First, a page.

option with a precise liberal tone: in situations of epistemic
parity, individual freedom of conduct is always preferable
over coercion (See pp. 117-118).

A Restless Parity
Audis views assigned a significant role to religious
reasons in public deliberation, but, at the same time, he
establishes some clear limitations to religious reasons and
an overall priority of secular reasons over religious ones,
especially in matters of coercion. It is not obvious, though,
that the kind of priority of the secular that Audi defends is
fully compatible with the possibility for religious and
secular citizens to be effectively epistemic peers. This issue
may appear to be a primarily epistemological one, but it
also carries significant political consequences, since if two
citizens cannot be actually considered epistemic peers when
they discuss on a matters of public interest, they will also be
less than equal when it comes to their participation in
public deliberation. Let us explore in more details the
implications of Audis account on this matter.
Philosophy and Public Issues The Church and the State
Being part of the same general normative account,
Audis principle of toleration is meant to be fully
compatible with his principle of secular rationale. The
latter, though, places a significant restriction on
sociopolitical appeals to religious reasons, and this
restriction seems particularly relevant if, as we have seen,
secular reasons are intended as equivalent to natural
reasonsan expression of our natural cognitive
capabilities. This raises some concerns about the viability of
epistemic parity as a key notion that is applicable to the
relationship between religious and non-religious citizens
within the boundaries of Audis conceptual framework.
One concern comes from the intrinsic difficulty of applying
the very notion of epistemic parity in such a complex,
deliberative scenario. Another comes from the
aforementioned friction between the principle of secular
rationale and the ideal of reciprocity, which grounds the
principles of rational disagreement and toleration.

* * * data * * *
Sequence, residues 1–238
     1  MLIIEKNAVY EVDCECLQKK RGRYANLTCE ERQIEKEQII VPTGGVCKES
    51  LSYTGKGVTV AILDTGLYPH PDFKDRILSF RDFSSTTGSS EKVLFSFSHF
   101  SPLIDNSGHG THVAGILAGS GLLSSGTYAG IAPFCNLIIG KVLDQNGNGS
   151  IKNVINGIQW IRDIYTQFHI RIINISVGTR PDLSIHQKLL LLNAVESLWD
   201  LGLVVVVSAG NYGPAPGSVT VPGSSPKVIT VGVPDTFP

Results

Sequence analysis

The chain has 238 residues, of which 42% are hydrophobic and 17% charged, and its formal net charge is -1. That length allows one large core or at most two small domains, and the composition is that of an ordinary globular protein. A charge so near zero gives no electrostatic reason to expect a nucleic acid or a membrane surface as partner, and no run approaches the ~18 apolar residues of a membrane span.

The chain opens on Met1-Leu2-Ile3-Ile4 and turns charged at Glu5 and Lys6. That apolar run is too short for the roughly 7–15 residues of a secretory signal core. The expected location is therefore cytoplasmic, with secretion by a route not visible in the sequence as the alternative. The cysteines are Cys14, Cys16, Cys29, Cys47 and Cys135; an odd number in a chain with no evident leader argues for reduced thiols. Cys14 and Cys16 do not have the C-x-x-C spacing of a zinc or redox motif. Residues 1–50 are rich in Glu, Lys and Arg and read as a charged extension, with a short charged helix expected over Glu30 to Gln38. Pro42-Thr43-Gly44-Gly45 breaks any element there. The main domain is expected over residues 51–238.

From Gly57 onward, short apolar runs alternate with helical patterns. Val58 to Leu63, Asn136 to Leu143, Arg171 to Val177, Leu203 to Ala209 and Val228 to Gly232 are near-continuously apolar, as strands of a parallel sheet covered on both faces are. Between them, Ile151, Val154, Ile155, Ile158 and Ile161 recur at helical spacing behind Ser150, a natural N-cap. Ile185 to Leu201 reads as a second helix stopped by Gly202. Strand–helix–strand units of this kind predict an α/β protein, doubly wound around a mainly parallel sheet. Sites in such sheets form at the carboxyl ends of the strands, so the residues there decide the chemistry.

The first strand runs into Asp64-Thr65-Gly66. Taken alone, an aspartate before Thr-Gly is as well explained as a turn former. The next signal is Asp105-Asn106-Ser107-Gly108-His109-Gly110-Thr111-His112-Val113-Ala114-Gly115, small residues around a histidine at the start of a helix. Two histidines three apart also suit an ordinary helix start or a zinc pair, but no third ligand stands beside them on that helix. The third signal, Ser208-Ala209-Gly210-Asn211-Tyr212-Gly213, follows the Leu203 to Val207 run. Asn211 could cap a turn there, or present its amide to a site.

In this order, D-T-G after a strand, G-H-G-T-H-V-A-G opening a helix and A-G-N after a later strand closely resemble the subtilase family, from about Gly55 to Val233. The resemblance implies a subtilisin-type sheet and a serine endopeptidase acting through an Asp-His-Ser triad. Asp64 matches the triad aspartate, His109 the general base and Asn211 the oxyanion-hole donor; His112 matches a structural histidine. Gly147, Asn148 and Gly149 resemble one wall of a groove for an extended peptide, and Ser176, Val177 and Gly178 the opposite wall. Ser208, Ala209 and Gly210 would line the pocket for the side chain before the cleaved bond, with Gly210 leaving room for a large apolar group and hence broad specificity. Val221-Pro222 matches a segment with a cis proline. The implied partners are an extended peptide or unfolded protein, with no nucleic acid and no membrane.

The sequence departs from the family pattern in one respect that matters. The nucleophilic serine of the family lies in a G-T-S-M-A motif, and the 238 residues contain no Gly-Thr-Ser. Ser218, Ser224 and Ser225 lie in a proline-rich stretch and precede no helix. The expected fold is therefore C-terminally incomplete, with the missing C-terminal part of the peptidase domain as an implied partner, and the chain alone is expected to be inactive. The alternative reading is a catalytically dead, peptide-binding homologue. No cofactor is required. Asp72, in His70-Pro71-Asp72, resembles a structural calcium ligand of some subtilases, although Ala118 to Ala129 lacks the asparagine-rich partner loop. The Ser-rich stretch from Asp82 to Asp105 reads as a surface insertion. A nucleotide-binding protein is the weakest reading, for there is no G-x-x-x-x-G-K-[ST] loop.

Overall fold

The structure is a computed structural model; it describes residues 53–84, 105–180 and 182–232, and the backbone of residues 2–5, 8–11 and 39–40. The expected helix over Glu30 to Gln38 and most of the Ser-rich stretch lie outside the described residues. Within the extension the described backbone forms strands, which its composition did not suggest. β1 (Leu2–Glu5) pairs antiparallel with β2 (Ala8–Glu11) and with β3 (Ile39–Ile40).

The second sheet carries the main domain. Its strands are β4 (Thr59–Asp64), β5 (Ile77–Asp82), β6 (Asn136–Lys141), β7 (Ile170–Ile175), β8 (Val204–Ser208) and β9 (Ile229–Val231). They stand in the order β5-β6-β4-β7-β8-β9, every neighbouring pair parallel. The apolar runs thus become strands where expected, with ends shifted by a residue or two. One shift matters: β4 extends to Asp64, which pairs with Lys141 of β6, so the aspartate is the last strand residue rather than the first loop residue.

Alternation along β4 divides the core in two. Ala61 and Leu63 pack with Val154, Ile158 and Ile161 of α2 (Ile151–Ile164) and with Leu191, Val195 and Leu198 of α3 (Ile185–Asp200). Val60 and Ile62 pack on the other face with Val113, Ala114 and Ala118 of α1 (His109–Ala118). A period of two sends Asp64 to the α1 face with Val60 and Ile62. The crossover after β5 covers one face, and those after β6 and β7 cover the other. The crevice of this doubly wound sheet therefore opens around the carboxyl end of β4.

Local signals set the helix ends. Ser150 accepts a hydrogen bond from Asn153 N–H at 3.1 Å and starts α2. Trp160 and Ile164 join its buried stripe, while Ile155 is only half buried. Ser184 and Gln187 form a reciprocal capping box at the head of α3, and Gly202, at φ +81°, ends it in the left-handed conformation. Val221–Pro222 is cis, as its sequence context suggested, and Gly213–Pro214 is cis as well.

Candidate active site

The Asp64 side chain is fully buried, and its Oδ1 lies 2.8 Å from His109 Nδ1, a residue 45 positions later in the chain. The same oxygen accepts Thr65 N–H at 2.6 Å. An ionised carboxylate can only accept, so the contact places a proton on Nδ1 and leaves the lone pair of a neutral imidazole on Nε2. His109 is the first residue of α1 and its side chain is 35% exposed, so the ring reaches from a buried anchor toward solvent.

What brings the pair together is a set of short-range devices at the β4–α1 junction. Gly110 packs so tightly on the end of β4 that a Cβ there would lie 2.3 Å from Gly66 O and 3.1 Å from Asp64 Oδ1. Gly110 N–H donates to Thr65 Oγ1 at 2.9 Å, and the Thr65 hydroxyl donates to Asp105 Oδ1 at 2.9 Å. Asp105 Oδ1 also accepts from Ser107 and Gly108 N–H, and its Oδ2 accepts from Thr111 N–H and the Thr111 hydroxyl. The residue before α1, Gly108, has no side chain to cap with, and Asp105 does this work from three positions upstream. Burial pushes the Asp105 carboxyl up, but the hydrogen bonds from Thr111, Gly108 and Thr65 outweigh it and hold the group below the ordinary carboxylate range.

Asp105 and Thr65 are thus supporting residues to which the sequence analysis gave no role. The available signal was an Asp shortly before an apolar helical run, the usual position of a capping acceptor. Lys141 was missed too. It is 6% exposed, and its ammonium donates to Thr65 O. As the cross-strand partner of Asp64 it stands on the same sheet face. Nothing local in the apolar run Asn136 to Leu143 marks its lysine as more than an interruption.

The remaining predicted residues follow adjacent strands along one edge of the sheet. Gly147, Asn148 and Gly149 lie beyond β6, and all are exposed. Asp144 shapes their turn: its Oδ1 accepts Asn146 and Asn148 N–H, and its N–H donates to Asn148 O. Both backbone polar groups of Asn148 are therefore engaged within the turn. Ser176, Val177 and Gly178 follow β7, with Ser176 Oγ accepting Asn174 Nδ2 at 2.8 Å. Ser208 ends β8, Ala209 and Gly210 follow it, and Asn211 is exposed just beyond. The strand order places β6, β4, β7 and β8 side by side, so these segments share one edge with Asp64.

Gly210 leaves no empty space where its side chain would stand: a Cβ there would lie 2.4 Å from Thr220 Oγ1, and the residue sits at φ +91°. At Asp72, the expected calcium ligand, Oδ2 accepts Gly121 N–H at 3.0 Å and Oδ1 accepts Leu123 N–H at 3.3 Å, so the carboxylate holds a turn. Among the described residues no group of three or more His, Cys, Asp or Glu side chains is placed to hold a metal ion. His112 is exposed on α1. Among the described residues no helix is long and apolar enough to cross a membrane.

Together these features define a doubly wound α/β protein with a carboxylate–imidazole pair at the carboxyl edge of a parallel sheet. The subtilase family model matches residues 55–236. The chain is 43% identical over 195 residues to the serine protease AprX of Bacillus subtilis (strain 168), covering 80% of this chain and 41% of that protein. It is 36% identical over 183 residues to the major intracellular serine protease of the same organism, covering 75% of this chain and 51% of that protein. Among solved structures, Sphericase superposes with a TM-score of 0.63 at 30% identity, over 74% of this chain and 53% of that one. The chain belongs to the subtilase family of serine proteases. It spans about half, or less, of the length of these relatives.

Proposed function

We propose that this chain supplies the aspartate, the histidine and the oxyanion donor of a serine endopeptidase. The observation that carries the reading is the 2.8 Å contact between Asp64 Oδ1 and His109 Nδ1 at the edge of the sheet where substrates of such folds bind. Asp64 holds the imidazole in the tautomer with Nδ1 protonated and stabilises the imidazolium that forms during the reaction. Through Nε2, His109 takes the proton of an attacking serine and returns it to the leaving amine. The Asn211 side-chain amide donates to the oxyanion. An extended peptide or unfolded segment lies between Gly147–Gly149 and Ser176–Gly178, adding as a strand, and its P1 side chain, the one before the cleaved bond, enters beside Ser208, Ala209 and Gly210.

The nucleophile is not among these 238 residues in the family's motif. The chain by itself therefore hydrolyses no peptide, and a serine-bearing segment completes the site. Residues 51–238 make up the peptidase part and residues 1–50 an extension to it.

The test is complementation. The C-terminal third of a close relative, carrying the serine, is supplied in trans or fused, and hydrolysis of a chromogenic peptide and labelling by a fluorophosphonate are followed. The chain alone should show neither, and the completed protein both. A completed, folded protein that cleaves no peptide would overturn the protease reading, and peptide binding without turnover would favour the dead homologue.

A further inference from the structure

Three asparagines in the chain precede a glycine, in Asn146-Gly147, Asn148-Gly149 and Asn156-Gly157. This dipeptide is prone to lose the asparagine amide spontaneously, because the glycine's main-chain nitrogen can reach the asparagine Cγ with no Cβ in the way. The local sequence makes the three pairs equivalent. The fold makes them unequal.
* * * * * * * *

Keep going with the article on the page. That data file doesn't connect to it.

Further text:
To better articulate the first concern, I will examine
some more detailed considerations of epistemic parity
elaborated elsewhere by Audi himself.
The basic idea here
is that two interlocutors are in a situation of epistemic
parity with respect to a specific claim if they are (1) equally
rational and (2) equally informed on facts relevant to that
claim. Most notably, Audi argues that these considerations
can be extended beyond specific claims to be applied to
general subject matters, as it may be in the case of the realm
of practical ethics. The criteria of epistemic parity can thus
be plausibly applicable to the subject of an ethics of

Robert Audi, Rational Disagreement as a Challenge to Practical
Ethics, in Epistemology: New Essays, ed. Quentin Smith (Oxford: Oxford
University Press, 2008), 236.
Paolo Monti A Postsecular Rationale?

citizenship, which is my concern here. Moreover, Audi also
elaborates that when both (1) and (2) are satisfied, there is a
situation of full epistemic parity, and when only one is
satisfied, or either is only partially satisfied, there is a
situation of partial epistemic parity, where the latter notion
admits degrees.
This account, while consistent with the characterisation
we have seen so far, offers a more nuanced and plural take
on epistemic parity. First, it authorizes an extension of the
concept, from being applied to specific matters to being
applied to wide-ranging subjectsin this case, ethics.
Second, it allows for an application in different degrees:
from partial peers to full peers. At the same time, both
conditions for epistemic parity appear as problematic.
Rationality conditions are in general difficult to define and
as they are related to the different forms of
appropriateness that characterize the cognitive and practical
responses of each individual to their experiences. On the
other hand, information conditions, while apparently easy
to determine with reference to certain factual knowledge,
are instead extremely controversial when it comes to
identifying which ones are actually the relevant facts at
stake. Moreover, it should be noted that normative
considerations of tolerance require every citizen to be able
to recognise the parity of their interlocutors, and thus to
appropriately apply the above condition to people they are
in persistent disagreement with. Whether, and to what
extent, this is always possible is at least dubious. Audi
himself acknowledges that our access to others total
evidence is indirect, difficult and incomplete, to the point

As Audi himself puts it, rationality conditions are both multifarious
and subtle. Ibid.
Philosophy and Public Issues The Church and the State
that it may often be difficult or, in practice, impossible, to
have adequate evidence for thinking that someone else is in
fact an epistemic peer.
While he suggests that these
difficulties do not bar the possibility of being justified in
ones assessment of ones status and level of epistemic
parity with others, the problematic nature of the